When I listen to any of the Pearl Jam's releases after 'Ten', I have to be realistic. 'Ten' is just phenominal, a perfect flawless album which I believe is almost impossible to top, however, in my opinion, 'Yield' is not far away in greatness, and thats saying an awful lot! After a very masterful and experimental 'No Code', 'Yield' is a return by the band to a more hard rocking sound, with grungy hints of 'Ten' or 'Vs.'. The album was rightfully critically acclaimed at the time of its release by many critics BUT however, it has never sold as many as you would have expected it to (about 4-5 million worldwide, which is NOT many for an album is amazing as this!). However, you've gotta remember that this is the Pearl Jam, the band that withdrew from the spotlight in the mid-1990's and are an underground band at heart who focus on making great music, not the profits that come from it.
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Format: Audio CD
Pearl Jam has put out consistantly great music while for the most part staying away from the billboard top 40 and off of the heavy radio rotation. Everyone seems to criticize everything the band has done after vs., which is just when they started getting interesting. Pearl Jam got sick of all of these so called "fans" who are always talking about the flavor-of-the-month and wanted to start doing things they're way. Sure they made a few mistakes along the way, like cancelling shows, fighting with ticketmaster, and firing drummer Dave A., but they are still here and are really the only Seattle band left from the "grunge" era. Yield really marked the return of Pearl Jam to the public, with a world tour (They were awesome in concert), a home video (not so great), a cool music video (Do the Evolution) and even a live album which really rocked. Yield may have revived a few old fans from the "Jeremy era" with 'Wishlist' and 'Given to Fly', but the powerful 'In Hiding' and 'Faithful' were my favorite tracks. I don't think this album was as good as "Vitalogy" or "No Code", but anything to get PJ touring again was good enough for me. If you are not a Pearl Jam fan quit criticizing the band for God's sake. I'm tired of hearing from band-wagon music fans.
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Format: Audio CD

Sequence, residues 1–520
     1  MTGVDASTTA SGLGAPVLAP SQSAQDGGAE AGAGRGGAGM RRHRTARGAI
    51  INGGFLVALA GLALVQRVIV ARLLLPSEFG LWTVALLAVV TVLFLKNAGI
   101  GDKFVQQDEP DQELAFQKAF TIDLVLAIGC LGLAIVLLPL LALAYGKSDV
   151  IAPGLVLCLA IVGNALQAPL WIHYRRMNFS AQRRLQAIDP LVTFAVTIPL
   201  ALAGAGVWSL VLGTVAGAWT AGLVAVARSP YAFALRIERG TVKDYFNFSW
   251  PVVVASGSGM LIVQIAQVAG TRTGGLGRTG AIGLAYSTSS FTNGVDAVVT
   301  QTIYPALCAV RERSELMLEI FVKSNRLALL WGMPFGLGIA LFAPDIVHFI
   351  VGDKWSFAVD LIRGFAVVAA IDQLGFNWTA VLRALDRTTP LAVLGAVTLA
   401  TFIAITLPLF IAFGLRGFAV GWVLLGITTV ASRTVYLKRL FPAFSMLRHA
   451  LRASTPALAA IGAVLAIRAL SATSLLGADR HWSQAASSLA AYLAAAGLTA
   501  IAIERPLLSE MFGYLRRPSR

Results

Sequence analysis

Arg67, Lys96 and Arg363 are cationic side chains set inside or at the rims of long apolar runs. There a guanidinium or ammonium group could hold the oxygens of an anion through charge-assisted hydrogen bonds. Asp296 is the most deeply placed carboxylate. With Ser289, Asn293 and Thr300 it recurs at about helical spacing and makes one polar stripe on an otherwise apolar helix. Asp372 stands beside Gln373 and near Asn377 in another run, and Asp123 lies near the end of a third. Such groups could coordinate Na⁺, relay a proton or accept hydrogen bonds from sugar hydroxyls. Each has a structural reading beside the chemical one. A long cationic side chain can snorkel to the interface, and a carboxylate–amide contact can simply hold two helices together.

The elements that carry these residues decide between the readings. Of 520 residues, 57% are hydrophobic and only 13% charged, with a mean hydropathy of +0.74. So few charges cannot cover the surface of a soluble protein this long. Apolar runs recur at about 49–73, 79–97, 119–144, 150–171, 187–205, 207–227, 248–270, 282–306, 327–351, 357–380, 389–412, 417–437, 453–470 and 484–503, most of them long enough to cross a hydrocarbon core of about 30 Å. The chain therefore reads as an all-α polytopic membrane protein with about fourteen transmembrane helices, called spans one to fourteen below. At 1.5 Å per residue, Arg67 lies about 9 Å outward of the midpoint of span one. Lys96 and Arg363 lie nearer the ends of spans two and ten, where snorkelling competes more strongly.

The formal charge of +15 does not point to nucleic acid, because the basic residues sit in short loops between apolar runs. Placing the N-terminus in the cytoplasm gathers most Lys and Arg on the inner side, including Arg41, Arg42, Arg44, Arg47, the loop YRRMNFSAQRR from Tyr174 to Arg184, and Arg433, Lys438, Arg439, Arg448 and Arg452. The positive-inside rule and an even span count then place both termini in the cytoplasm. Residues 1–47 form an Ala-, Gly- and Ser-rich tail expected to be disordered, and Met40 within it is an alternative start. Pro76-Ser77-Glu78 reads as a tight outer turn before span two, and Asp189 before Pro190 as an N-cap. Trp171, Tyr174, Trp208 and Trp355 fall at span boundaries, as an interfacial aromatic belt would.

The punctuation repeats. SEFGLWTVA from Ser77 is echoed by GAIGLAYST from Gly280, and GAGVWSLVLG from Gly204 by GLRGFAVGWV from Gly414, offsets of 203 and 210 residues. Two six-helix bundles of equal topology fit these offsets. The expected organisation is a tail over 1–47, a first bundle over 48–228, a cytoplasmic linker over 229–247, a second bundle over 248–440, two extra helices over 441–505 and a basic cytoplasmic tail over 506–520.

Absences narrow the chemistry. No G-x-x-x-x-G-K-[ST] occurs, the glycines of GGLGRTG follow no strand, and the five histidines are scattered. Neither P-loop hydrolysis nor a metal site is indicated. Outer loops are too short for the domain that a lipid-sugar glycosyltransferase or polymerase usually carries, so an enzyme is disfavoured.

Conceived at a period of détente in the band's turbulent career, Pearl Jam's fifth album is one that definitively documents exactly where the band was at that particular time (1998). Whereas Yield's predecessor No Code (1996) had been fraught with upheaval and was conversely inconsistent and experimental, Yield itself is its very antithesis.

When No Code was released Pearl Jam were still the main players in the - admittedly failing - grunge scene, yet by the time they entered the studio to record Yield Soundgarden and Screaming Trees had disbanded, Alice in Chains were in an irreversible state of coma, and The Smashing Pumpkins' Mellon Collie & the Infinite Sadness had obliterated the last remnants of grunge.

Yield however, showcases the greatness of Pearl Jam. Closing ranks impressively - the war of egos between singer Eddie Vedder and guitarist Stone Gossard having reached armistice - the band took stock, returned to Seattle and recorded their most honest, instinctual and diplomatic work to date.

Vedder's enchantment by nature and wilderness is brought prominently to the fore, and his elegant vocals belie the oft-pious bellow of earlier works. Indeed, Vedder's piety forms the basis of Yield, with the songs 'Faithfull' (marriage), 'Given to Fly' (christianity and penance), and the tiresome 'Wishlist' (contentment) - supported by bassist Jeff Ament's 'Low Light' and Gossard's 'All Those Yesterdays' - bearing witness to a more mature take on life's spiritual and secular ambiguities.

Additionally, Gossard and lead guitarist Mike McCready have never combined better than on Yield, with the former's refound gift for compositionally strong riffs perfectly complemented by the latter's uncharacteristically discreet lead playing.